Friends and fellow dancers heard the sad news that Barbara Kent passed away on Friday 25 February in her 89th year. She will be missed by many in the Wellington Region, and farther afield.
Barbara was part of the Wellington Scottish Country dance community dating from the 1960s. She loved her dancing and contributed a great deal to the community, while preferring to keep a low profile.
Barbara danced at (the now dis-established) Wellington Club, and at Lower Hutt Club before coming to Johnsonville, where she was a member for around 30 years. Her earliest recorded membership is in 1973, and she was still recorded as a member in 2002. In later years she was a long-standing member of Tawa Club.
I don’t have much information on Barbara’s earlier years, but in 2017, Désirée Patterson, interviewed Barbara for her Tawa Club Life Membership award. You can read about Barbara’s fascinating life, in the June 2017 issue of Wellington Region newsletter Harbour City Happenings
As part of Barbara’s job with the Ministry of Foreign Affairs, she was posted overseas on multiple occasions, and danced wherever she went. In the 1972 NZ Scottish Country Dancer magazine Barbara wrote an article News from Paris, where she described dancing with the Le Chardon d’Ecosse (the thistle of Scotland) group.
However, her trips weren’t only for work. In 1979 she joined a group of 36 dancers on a trip to Canada (described in full in the 1980 NZ Scottish Country Dancer magazine).
Barbara was part of a Māori performance item at the 1979 Oktoberfest at Kitchener/ Waterloo. As Scottish Country dancers, they ‘found a compromise (with Māori approval) by wearing a Māori type sash and headband with white frocks and shirts’, and were well received.
In amongst all her travel, Barbara found time to support Johnsonville Club both as a tutor and a member of the committee. She was club tutor in 1985 and part of 1986, took beginners’ classes in 1991, 93, 94 and 1996, and was a relieving tutor through the late 1980s and early 1990s.
In 1976 her role as president was cut short, when she was posted to Moscow, but she returned as a committee member from 1978-79, and then served a part year as president again in 1980, and was back on the committee in 1991.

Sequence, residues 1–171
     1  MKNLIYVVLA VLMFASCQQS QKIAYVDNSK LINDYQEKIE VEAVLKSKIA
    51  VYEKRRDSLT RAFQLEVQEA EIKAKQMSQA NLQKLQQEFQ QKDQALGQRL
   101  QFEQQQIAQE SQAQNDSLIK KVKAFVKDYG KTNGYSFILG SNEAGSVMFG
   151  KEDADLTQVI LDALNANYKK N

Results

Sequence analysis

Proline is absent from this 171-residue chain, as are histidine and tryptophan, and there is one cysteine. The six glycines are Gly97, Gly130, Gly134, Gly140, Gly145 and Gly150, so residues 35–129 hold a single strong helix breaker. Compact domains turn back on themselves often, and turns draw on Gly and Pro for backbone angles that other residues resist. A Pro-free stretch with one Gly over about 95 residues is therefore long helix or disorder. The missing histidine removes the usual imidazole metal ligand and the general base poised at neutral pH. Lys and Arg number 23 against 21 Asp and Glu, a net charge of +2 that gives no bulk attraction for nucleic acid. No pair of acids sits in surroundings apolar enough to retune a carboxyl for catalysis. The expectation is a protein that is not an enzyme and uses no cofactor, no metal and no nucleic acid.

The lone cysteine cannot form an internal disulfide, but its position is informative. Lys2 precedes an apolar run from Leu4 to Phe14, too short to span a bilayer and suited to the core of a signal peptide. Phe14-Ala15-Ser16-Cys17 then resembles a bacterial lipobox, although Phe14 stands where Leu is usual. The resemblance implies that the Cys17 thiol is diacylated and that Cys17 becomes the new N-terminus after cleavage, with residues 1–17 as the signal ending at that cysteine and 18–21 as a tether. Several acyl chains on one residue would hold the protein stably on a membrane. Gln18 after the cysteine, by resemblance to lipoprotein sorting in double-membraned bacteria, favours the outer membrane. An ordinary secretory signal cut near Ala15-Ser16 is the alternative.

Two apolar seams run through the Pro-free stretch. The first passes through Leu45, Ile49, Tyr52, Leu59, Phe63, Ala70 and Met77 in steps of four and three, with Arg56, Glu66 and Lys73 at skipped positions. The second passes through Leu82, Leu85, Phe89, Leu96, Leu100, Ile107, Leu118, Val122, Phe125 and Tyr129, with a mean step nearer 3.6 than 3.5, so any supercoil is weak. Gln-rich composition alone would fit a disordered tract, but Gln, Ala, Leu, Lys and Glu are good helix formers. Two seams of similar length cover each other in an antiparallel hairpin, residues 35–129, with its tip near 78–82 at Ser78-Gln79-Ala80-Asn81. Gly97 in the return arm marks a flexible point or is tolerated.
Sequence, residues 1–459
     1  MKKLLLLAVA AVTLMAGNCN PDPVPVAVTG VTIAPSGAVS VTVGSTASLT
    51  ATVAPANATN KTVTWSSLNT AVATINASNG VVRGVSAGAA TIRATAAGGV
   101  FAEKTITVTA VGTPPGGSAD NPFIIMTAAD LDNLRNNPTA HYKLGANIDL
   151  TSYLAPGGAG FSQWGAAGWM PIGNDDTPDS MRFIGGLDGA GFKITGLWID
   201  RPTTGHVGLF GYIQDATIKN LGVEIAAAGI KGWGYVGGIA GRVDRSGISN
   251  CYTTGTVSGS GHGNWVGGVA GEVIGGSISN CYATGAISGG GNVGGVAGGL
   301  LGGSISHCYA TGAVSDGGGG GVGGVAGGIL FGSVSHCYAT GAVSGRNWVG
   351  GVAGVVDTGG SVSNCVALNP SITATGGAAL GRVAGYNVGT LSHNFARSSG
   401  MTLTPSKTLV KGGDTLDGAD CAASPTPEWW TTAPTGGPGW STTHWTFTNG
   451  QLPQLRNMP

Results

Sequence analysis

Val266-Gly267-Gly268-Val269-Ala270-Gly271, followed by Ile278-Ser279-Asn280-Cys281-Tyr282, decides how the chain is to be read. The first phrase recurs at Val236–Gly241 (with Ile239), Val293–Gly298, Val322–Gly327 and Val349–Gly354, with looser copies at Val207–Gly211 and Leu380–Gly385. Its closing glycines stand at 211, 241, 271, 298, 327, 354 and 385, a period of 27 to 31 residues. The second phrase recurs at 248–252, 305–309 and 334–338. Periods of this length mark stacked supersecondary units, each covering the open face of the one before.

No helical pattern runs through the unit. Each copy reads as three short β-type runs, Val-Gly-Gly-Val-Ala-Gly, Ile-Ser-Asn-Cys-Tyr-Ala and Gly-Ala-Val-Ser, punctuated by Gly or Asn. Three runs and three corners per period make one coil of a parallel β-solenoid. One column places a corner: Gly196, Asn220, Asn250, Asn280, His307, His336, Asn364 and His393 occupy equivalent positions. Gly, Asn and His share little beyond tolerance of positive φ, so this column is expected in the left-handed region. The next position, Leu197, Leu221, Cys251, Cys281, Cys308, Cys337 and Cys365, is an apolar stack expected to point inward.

1991 was the year Rod and I started dancing, and we really enjoyed our time in Barbara’s beginners’ class. In those days beginners were initially taught in a separate room in Johnsonville School until supper time, then joined experienced dancers in the hall for the rest of the night.
As beginning dancers, Barbara prepared us well. Her encouraging manner and graceful style paired well with her strong technique and clarity of instruction. For some reason my abiding memory is of her teaching hands across, getting us to understand the elegance and precision of the formation as opposed to muddling through with hands everywhere and anywhere.
When Johnsonville held its 50 Golden Years celebration in 2016, Barbara’s health did not permit her to dance, but we were very pleased she accepted the club’s invitation to be part of our celebration of those past members who contributed so much to the club.
Johnsonville Club remembers Barbara for her commitment to dancing, her support of the club and its members, and her many achievements. As her family expressed it in the Family Notices in the DomPost on Wednesday 2 March – A full life well lived and enjoyed.
Barbara’s family also thanked Malvina Major Village (among others) for their care of Barbara. Unit #9 was Barbara’s home over the last few years, and she told me she was quite tickled to have followed in the footsteps of Ngaio dancers Frieda and Murray Allardice who themselves followed Johnsonville Life Members Isla and Eric Norris in making #9 their home.
3 March 2022